On birth control women do not speak with one voice

Carolyn Moynihan
1 April 2014
Reproduced with Permission
Family Edge

An important religious freedom case in the US Supreme Court last week had women's groups of opposing persuasions standing outside in the sleet, brandishing banners and addressing anyone who would listen.

Part of President Obama's health reform orders all employers except traditional religious congregations to include in their employee health insurance plans coverage of the full cost of contraceptives, including those which can cause an early abortion - or pay a fine, or restructure their business in a such way that they could be, technically, disconnected from the content of health insurance.

Many institutions with religious connections which don't qualify for an exemption are refusing to accept the new law, and a number are suing the government. But businesses can have a conscience too, and last week's plaintiffs were the craft chain Hobby Lobby, and Conestoga Wood, whose owners object to abortifacients. Note, they are not objecting to coverage of contraception as such.

But to come back to the women. All the way through this debate - and it has been going on for at least two years - the White House, its experts and friends have tried to smother the conscience issue by framing the opposition as a "war against women".

The message is that women are poor little vulnerable creatures who just can't help getting pregnant at all the wrong times and who depend utterly on Big Brother to make their employers provide them with free contraception, morning after pills and sterilisations. There are no freebies for the men who get them pregnant, though.

This so annoyed George Mason University law professor Helen Alvare and friends that they launched a platform for women who do not want to be patronised by a state that is only interested in keeping them infertile - at whatever cost to their health and happiness that a decade or two of ingesting powerful drugs (and undergoing the odd surgical abortion) might bring.

The group is called Women Speak for Themselves and here is representative Meg McDonnell with the speech she delivered about it on the courthouse steps last week:

Women Speak For Themselves is a grassroots organization with more than 41,000 women from all 50 states and various political and religious backgrounds. Our list is made up of diverse and intelligent women - including doctors, lawyers, teachers, businesswomen, homeschooling mothers, and longtime community advocates. Our partnership with these women - which began in 2012 - has produced hundreds of letters to the editor, town hall meetings, letters and meetings with congressional representatives, social media postings, and the occasional protest, all in support of women and religious freedom. Our women and their efforts have shown time and again that women care about religious liberty!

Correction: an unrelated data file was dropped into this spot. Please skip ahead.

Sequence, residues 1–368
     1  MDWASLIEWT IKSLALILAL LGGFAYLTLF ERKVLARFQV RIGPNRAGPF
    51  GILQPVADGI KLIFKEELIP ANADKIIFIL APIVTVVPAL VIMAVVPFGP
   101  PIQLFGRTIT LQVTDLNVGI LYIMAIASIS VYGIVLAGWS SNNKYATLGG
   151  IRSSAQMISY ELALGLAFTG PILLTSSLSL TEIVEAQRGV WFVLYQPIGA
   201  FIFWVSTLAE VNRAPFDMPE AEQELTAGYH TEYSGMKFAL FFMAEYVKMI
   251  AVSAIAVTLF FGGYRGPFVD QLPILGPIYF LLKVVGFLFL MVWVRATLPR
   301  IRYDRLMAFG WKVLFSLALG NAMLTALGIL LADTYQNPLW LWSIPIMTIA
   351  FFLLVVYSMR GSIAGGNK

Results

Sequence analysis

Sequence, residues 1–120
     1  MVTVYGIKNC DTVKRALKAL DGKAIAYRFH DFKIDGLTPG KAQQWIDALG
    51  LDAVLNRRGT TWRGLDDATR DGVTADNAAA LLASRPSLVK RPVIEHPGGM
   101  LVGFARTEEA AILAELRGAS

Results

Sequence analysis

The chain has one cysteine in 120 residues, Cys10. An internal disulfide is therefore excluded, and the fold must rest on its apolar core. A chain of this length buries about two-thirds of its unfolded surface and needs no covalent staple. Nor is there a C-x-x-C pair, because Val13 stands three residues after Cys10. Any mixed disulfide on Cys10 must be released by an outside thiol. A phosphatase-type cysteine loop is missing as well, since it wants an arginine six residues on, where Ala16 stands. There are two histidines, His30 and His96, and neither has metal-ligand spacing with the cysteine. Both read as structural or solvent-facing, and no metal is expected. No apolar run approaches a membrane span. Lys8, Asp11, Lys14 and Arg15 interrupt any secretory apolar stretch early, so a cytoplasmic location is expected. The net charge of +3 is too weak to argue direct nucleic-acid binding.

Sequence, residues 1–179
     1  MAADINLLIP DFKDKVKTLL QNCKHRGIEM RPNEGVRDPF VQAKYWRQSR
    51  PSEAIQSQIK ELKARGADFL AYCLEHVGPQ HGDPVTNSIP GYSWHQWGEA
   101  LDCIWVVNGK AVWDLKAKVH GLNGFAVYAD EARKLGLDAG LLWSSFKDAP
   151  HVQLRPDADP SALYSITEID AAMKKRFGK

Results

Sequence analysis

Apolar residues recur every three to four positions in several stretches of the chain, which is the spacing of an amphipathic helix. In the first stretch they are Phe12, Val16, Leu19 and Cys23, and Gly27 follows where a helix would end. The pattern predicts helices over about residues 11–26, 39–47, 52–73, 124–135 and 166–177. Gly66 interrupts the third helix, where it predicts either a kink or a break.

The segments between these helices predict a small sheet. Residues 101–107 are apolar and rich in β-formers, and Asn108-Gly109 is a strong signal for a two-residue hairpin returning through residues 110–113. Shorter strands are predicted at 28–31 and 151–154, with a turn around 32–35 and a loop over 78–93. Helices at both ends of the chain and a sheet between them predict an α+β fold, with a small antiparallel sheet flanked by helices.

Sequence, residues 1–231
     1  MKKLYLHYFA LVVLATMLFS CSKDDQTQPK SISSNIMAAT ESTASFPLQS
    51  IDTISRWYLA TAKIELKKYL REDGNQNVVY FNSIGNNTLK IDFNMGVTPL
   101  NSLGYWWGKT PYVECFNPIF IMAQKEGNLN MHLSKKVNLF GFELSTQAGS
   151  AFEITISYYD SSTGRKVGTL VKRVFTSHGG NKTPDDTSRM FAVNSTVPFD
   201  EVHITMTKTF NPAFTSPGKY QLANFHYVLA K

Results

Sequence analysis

Statistics show that women practice religion more than men and claim more often that it is crucial to their lives. Also, fascinating data shows that countries around the world which respect religious freedom are also more likely to recognize the equality of the female half of the human race. Those who are supporting the HHS Mandate and claim to speak for all women are simply trying to divert attention away from the serious religious liberty issues at stake.

Our women stand with Green and the Hahn families in their pursuit of protection for their deeply held beliefs. Both family businesses currently provide benefit packages that are more generous than is required and than many of their competitors provide. Both families run their businesses with the demands of family life at the heart of their practice. All the Green and Hahn families want is to continue running their businesses as their consciences direct. The HHS Mandate, and particularly the expectation for businesses to pay for drugs which can act to kill an embryo - a human life - interferes with the Greens' and the Hahns' freedom to run their businesses according to their consciences.

Some of our women agree with the Green and Hahn families' objections to these drugs, some do not. All of our women agree, however, that businesses with consciences are good for women, good for families, and good for America. No one speaks for all women on these issues. Women Speak for Themselves.

In a brief prepared for the court on behalf of WSFT, Helen Alvare had pointed out (among others things) that the government cannot have any compelling interest in a mandate that will not accomplish its own stated ends - that is, improving women's health and promoting their equality with men.

Besides facilitating women's ingesting chemicals which have some proven harmful side effects, the mandate also endorses "placing the entire burden of pregnancy prevention on women." Furthermore, data show that government programs have corresponded with increases - not decreases - in unintended pregnancies, abortions and nonmarital births. All of these outcomes are borne nearly exclusively by women.

How can that be a blow for equality?

It was disappointing, Dr Alvare says, that the justices last week did not pick up on this critique of the mandate.

"When the topic did arise, briefly, it seemed that the female justices were assuming that insurance coverage of contraception is a vital interest for all women. We don't know what the Justices who were silent on this point believe, but the female justices - all of whom are on the very liberal wing of the Court - seemed to assume the importance of a state goal of free contraception."

It's a funny thing that what 40,000-odd women say about a policy supposedly for women is of no interest to three of the most powerful women in the United.